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Housing: Taxes and other fiscal policies. The european experience

There can be no denying the importance of the real estate sector for the Spanish economy. According to Sofía Borgia Sorrosal, the real estate sector in Spain has not just covered the need for housing – it has actually, for a great many years, been the driving force behind the economy. It is a sector which generates a lot of employment directly but which at the same time involves a great many related activities, and for this reason, the effects of both its growth and of any recession in it impact the economy as a whole.

This view, which is broadly shared by analysts of the Spanish economy, and the conviction that the Tax System needs to be compatible with competitiveness on the part of Spanish companies – particularly in key sectors – have prompted the Fundación Impuestos y Competitividad to commission its latest work, which was entrusted to university professor Sofía Borgia Sorrosal (Universidad Francisco de Vitoria). It is entitled “La vivienda: impuestos y otras políticas fiscales. La experiencia Europea” (“Housing: taxes and other fiscal policies. The European experience”) and was presented on 28 March at the headquarters of the CEOE under the auspices of APCE, the national business association representing the real estate development and construction sectors.

The event was presided over by Mr. Juan A. Gómez Pintado, President of APCE, Mr. José Mª Ortíz Ybarz, Dean of UFV, and Mr. Victor Mendoza Díaz Aguado, President of the Foundation. Following an introduction and short speeches by the above, the author set out the main arguments presented in her work and the event ended with a response from the public sector, represented by Mr. Pablo Luengo Borrero (Directorate General of Taxation, MINHAFP) and Mr. Anselmo Menéndez (Directorate General of Architecture, Housing and Land, Ministry of DEVELOPMENT).

In accordance with the sectoral nature of this analysis, the first chapter of the book focuses on economic considerations, and for this reason is entitled “Relevance of the real estate sector in Spain”. Supporting data are provided in relation to numbers of family homes, housing prices, trends in supply and demand, the effect of the sector on the development of the labour force, and on volumes of lending, or its impact on tax revenues. The analysis of all these factors covers a 20-year period and is amply illustrated by comparative tables and graphs.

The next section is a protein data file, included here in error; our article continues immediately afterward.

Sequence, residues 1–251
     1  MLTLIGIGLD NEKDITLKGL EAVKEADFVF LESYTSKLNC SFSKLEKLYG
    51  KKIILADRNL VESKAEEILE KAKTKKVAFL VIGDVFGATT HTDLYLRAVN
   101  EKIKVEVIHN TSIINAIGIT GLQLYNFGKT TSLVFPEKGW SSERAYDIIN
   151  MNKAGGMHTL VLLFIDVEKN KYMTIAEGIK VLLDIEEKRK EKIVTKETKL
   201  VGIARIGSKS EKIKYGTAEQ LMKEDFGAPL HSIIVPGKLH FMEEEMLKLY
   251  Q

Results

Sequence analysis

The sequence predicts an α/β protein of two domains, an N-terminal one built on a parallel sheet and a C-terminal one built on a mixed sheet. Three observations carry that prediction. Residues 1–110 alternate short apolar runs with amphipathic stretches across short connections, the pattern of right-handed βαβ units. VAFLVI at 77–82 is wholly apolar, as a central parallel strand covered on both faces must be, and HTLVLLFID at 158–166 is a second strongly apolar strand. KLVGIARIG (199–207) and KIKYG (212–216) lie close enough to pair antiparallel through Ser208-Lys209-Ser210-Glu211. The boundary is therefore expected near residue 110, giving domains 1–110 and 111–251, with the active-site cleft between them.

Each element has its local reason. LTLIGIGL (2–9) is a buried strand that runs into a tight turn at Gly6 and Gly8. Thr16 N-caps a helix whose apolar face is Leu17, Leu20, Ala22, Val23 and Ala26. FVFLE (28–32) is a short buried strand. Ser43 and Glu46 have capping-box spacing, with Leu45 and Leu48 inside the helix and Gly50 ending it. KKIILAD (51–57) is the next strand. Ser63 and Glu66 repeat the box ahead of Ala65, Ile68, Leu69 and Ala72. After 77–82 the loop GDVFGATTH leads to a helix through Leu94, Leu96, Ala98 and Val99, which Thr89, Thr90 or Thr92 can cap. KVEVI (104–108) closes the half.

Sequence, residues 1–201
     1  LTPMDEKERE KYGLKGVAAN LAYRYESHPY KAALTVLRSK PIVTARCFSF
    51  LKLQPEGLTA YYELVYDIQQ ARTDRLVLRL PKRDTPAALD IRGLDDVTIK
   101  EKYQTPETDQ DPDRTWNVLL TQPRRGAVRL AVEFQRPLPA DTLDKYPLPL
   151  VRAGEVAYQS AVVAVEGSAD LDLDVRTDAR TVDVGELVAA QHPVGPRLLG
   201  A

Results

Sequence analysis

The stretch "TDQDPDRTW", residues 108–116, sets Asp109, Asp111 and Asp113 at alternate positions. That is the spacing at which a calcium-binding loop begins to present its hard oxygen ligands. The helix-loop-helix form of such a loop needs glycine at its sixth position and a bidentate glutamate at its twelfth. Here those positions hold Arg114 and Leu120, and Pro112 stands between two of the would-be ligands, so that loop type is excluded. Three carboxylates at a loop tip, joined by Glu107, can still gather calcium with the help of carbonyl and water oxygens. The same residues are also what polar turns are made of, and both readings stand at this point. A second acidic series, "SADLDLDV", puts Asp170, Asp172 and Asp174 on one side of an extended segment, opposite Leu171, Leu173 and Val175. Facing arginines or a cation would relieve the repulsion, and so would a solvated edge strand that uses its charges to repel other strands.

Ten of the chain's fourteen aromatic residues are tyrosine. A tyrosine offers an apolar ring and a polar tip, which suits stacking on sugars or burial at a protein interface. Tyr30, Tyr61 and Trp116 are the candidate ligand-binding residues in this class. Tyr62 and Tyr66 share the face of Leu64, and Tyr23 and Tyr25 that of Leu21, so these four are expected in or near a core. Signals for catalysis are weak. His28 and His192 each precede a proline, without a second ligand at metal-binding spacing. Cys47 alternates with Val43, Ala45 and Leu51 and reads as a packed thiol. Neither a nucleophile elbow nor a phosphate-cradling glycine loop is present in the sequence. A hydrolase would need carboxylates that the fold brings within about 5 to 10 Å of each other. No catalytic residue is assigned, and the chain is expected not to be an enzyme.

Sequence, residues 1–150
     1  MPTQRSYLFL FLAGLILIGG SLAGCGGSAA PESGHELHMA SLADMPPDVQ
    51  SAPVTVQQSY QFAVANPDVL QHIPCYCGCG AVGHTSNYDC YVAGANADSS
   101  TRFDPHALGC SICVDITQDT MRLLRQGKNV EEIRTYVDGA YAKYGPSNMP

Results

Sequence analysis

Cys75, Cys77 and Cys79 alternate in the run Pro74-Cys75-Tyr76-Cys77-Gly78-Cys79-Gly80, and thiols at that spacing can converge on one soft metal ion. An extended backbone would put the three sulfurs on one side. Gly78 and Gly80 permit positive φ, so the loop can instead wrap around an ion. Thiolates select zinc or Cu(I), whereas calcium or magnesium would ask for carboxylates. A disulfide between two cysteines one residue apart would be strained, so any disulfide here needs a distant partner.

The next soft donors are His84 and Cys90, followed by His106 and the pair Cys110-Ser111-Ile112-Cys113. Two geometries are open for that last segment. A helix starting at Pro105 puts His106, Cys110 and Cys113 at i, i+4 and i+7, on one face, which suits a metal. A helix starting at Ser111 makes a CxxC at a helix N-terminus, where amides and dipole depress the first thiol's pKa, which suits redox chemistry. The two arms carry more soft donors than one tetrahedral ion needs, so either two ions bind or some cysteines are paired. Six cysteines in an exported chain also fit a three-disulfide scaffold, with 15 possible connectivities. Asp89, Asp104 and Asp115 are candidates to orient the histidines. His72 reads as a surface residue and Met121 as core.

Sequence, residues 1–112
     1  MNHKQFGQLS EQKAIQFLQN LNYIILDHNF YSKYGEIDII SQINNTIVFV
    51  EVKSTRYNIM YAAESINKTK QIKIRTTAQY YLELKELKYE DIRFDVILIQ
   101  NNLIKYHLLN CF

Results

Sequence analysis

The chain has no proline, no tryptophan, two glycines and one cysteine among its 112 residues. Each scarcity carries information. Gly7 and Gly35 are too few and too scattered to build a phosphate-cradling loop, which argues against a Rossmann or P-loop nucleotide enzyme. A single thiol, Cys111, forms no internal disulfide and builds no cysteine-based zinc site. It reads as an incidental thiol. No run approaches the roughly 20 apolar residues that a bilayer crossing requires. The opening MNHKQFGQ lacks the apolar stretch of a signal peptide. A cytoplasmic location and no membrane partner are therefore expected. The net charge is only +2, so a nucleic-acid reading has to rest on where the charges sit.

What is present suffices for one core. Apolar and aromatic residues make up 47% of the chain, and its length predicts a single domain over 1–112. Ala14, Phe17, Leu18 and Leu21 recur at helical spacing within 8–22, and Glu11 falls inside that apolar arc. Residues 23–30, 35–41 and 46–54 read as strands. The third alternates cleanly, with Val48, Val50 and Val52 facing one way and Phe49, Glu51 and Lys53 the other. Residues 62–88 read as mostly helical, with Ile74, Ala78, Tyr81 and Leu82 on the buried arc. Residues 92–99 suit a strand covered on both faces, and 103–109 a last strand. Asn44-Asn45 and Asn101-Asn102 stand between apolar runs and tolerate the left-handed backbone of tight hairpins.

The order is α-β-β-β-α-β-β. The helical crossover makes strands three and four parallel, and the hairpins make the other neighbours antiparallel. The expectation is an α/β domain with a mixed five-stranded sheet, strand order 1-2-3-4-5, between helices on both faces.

The second part of the book focuses on a “Study of the taxation of housing in Spain”. It takes a look at the provisions in place in respect of different taxes, including most notably the regulations in respect of Personal Income Tax (focusing in particular on the different deductions available for investment in housing), Value Added Tax (analysing the treatment of refurbishments), Corporate Income Tax (with mention being made, in particular, of the recent changes relating to entities engaging in the leasing of residential properties and the tax regime for SOCIMIs, the most recent review of which has led to these real estate investment vehicles acquiring a role of far greater importance) and, naturally, analyses the regulations laid down by the Autonomous Communities and Local Entities in respect of taxes such as the Tax on Capital Transfers and Transactions Evidenced by Legal Documentation, the municipal “plusvalía”, or the Tax on Real Estate Assets.